Granta Magazine | The Magazine of New Writing

Explore Essays and memoir

Kettle Holes

Melissa Febos

‘They knelt at my feet. They crawled naked across gleaming wooden floors.’

Crocodiles and Fairy Dust

Janice Galloway

‘I admit the sneaking feeling, just now and then, that those who govern us think we’re the problem.’

The Politics of English Forgetfulness

Madeleine Bunting

‘Brexit demonstrates one of England’s most trusted strategies of power: deliberate forgetfulness.’

Free will and Brexit

Julian Baggini

‘Whether or not you think 23 June was a great day for Britain and Europe, it was a very bad one for freedom.’

The Price of Freedom, Including VAT

Xiaolu Guo

‘I had lost my native country, now I was going to lose a continent.’

Why We’re Post-Fact

Peter Pomerantsev

‘We are living in a ‘post-fact’ or ‘post-truth’ world. Not merely a world where politicians and media lie – they have always lied – but one where they don’t care whether they tell the truth or not.’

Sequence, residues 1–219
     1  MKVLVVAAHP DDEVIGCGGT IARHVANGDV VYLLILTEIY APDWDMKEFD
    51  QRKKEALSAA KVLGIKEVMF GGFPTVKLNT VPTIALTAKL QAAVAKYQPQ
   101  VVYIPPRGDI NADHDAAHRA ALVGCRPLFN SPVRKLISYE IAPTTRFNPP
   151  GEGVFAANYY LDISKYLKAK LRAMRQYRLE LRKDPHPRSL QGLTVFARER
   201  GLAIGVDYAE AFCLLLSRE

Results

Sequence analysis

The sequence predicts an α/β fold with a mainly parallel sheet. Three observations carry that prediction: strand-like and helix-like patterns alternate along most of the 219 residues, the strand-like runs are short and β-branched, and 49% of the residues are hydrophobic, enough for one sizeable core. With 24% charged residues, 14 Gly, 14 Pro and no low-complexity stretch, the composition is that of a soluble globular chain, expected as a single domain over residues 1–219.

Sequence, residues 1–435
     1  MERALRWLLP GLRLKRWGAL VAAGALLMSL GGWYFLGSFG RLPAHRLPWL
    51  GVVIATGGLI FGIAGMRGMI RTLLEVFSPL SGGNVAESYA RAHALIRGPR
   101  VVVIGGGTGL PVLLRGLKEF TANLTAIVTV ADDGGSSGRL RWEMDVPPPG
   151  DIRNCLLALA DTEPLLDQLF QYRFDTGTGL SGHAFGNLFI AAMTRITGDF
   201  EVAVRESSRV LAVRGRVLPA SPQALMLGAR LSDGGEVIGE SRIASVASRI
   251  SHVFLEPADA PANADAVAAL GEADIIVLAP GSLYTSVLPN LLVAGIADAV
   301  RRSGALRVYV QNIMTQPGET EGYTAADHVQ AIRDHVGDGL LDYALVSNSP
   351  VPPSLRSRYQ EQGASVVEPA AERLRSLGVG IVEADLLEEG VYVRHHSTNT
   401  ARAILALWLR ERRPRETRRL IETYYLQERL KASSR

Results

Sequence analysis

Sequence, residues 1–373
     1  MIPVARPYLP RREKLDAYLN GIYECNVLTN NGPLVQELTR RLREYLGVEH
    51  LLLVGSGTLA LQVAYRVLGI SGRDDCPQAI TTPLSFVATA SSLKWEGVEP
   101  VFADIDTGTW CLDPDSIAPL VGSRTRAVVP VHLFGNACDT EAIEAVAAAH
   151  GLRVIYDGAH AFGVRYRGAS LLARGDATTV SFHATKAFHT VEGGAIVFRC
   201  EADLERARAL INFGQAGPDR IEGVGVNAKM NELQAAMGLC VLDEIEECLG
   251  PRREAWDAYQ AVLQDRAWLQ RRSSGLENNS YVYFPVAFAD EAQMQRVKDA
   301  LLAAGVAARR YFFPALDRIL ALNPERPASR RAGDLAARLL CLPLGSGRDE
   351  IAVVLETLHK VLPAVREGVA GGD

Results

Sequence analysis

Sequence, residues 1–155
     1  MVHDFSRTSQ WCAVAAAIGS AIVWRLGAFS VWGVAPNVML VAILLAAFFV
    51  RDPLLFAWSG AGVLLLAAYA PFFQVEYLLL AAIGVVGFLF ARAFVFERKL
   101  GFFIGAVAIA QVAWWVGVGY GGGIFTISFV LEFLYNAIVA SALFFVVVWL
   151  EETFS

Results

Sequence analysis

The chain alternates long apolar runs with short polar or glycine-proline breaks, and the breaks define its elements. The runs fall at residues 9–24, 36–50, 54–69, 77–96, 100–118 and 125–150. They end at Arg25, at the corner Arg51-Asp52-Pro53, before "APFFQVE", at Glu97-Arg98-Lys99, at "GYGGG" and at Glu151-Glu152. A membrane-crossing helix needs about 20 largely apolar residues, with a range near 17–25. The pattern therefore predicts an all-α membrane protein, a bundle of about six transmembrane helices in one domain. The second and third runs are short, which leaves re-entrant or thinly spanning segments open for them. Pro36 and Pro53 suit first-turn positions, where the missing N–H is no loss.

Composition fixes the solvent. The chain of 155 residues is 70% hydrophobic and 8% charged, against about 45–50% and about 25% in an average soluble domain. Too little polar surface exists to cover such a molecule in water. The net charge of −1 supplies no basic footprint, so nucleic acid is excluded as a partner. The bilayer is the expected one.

Putting Down Strangers

Adam Thorpe

‘Home, after all, is a continual plangent threnody in the often uninterpretable clamour of being an immigrant.’ Adam Thorpe on Brexit.

Black Country

Anthony Cartwright

‘There’s a sense, I think, that what that X in the box translates as is seventeen and a half million voices that say, we’re still here.’

Introduction

Sigrid Rausing

‘To know love is to know (or to imagine) the loss of love.’

Sabine

Jacob Aue Sobol & Joanna Kavenna

‘A series of extraordinary portraits of the Arctic wilderness and the intimacies of love.’

Diaries

Suzanne Brøgger

‘My habit of being a dreamer is filled with the joy of melancholy.’

Raqqa Road: A Syrian Escape

Claire Hajaj

‘The morning Helin walked out to die, she dressed carelessly in a loose T-shirt and jeans.’

Africa’s Future Has No Space for Stupid Black Men

Pwaangulongii Dauod

‘The night was full of energy. The kind of energy that Africa needs to reinvent itself.’

The Decay of Politics

Philip Ó Ceallaigh

‘Britain has made the control of borders and the free movement of people its central obsession, its fundamental national anxiety.’ Philip Ó Ceallaigh on Brexit.